In this episode, Marcello Sukhdeo talks about the Canadian Armed Forces counter explosive threat exercise which is underway, Bombardier to sell control of its C Series airliner program to Airbus, and Canadians are fearful of a nuclear attack according to a recent survey.
ARDENT DEFENDER 2017
The Canadian Armed Forces have begun a counter explosive threat exercise involving international military participants and Canadian law enforcement agencies. This exercise began on October 16th and will run to November 3rd.
This exercise which is named ARDENT DEFENDER 2017 provides an opportunity for explosive ordnance disposal and improvised explosive device teams to run through scenarios that enable them to practice neutralizing and safely disposing of explosive devices and countering the threat networks that employ them. The training will strengthen inter-operability between Allies, partner nations, Global Affairs Canada and Canadian law enforcement agencies.
Bombardier to sell control of its C Series airliner program
Bombardier Inc. has struck an agreement to sell control of its C Series airliner program to Airbus Group.
The C Series program, has been at the centre of major political and investor drama in Canada since its inception. The single-aisle airliner's development at a cost of $6-billion (U.S.) drove Bombardier to the brink of bankruptcy in 2015 before Quebec handed the company a lifeline by investing $1-billion in the plane.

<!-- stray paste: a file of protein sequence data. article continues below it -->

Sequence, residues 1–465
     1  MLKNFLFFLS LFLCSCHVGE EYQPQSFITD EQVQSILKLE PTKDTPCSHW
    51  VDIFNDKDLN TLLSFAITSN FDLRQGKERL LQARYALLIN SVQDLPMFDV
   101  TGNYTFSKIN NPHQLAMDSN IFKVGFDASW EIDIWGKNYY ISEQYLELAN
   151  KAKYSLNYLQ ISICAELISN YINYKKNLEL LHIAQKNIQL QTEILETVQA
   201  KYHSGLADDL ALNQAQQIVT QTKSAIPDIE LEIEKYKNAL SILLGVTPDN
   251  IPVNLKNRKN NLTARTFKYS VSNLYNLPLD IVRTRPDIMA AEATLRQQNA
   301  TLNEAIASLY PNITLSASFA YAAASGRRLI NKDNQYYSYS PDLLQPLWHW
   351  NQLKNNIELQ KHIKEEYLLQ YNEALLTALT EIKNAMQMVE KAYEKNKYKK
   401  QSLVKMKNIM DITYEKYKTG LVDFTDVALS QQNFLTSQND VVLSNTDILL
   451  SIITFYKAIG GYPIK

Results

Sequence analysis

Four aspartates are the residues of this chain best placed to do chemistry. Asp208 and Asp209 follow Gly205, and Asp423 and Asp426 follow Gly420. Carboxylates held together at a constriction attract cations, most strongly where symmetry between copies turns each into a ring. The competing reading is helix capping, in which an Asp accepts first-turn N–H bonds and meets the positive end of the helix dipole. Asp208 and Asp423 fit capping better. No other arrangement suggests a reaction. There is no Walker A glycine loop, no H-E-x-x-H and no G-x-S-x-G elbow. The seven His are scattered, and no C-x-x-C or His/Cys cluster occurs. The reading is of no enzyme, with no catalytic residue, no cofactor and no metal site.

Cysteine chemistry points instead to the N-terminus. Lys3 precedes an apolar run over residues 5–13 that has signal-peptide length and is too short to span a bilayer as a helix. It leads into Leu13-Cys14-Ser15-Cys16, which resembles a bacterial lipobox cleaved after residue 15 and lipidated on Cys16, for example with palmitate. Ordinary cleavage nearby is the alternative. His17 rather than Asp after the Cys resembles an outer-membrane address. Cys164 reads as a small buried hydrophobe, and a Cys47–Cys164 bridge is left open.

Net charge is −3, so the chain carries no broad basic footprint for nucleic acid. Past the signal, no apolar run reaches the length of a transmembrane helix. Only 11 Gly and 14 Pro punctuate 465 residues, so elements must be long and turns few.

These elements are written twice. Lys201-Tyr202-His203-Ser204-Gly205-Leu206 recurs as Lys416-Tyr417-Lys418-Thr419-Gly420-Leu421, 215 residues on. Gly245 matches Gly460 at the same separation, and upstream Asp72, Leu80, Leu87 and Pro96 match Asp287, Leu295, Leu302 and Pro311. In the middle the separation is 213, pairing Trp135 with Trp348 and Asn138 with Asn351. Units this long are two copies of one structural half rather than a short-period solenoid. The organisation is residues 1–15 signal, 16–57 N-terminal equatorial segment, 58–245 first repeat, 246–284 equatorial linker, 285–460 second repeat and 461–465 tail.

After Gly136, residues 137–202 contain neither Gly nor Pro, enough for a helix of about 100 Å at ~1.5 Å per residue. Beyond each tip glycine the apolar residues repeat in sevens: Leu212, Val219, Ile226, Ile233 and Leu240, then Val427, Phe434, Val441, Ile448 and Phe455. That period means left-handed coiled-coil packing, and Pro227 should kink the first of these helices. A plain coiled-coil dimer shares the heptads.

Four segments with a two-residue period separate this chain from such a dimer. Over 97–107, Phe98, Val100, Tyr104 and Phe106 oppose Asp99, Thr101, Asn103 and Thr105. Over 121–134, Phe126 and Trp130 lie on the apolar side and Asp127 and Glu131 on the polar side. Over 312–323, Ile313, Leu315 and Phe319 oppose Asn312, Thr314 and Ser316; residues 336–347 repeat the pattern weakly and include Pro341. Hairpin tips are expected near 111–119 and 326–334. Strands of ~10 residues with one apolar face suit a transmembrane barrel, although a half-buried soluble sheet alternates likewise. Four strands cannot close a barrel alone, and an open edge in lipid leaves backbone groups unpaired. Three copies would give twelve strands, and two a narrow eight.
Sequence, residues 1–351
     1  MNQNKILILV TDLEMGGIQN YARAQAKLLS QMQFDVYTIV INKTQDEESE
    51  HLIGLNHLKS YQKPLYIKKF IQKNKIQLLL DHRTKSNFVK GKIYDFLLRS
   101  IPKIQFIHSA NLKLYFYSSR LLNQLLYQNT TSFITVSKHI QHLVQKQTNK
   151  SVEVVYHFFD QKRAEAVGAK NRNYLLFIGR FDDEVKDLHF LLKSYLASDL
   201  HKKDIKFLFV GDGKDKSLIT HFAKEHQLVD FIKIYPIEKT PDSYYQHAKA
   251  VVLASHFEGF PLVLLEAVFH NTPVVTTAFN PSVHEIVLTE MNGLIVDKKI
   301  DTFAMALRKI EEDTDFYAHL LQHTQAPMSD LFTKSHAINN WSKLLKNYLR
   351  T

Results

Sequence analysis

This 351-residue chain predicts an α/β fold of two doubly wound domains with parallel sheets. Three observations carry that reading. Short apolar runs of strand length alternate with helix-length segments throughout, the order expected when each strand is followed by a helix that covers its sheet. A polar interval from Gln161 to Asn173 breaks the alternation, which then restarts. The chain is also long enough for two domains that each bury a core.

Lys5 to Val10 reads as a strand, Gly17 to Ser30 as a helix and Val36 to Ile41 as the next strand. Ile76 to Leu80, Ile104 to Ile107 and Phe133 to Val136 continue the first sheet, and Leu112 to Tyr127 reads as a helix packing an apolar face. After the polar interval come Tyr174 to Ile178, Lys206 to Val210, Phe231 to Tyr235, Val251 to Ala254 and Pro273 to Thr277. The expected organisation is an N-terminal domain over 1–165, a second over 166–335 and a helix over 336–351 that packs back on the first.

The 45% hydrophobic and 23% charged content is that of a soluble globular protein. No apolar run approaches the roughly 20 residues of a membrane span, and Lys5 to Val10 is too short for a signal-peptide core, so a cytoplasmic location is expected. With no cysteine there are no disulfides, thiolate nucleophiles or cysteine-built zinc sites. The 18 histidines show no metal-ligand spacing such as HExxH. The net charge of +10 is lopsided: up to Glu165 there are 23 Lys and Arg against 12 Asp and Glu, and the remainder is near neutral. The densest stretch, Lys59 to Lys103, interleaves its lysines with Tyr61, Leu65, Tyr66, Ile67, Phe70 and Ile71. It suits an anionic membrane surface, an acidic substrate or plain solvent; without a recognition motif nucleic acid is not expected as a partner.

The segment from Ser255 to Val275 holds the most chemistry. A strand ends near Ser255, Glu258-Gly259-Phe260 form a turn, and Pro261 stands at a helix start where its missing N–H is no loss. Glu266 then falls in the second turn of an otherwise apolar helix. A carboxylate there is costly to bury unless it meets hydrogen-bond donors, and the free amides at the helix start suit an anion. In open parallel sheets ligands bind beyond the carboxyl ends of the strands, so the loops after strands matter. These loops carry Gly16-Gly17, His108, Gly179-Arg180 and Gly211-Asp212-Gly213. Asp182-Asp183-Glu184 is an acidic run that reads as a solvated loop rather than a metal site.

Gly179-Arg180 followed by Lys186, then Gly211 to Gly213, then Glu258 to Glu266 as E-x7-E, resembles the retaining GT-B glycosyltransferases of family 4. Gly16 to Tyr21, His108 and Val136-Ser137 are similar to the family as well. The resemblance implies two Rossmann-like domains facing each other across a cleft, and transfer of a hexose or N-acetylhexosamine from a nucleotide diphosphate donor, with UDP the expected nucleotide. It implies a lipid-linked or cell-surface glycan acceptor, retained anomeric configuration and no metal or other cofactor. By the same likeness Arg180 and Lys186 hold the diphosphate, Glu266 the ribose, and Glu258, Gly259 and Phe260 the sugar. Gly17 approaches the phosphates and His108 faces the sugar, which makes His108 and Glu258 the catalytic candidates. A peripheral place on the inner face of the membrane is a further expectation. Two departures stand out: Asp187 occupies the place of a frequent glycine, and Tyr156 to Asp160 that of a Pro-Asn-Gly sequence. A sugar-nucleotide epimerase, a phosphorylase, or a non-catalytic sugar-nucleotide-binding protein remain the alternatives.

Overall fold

Quebec supports the transaction with Airbus, calling it the best solution to protect and create jobs in a sector vital to the province's economy. Ottawa has also offered a preliminary endorsement of the transaction, saying it would require review under federal investment law.
Canadians are fearful of a nuclear attack
With North Korea issuing warnings that “war may break out at any moment,” it’s no surprise that a recent survey by the Angus Reid Forum found more Canadians are fearful of a nuclear attack.
A survey of over 1,500 Canadians conducted in September found 55 per cent believe the prospect of nuclear war is “very” or “fairly” serious. That’s a marked increase from the 36 per cent of Canadians who said the concerns were serious in November 2016 — a 19 percentage point increase in 10 months.
The survey also notes that that women were more likely than men (64 per cent vs. 45 per cent) to believe that nuclear war is a serious concern.
Earlier this month, Prime Minister Justin Trudeau called the tensions between North Korea and the U.S. “very scary for everyone.”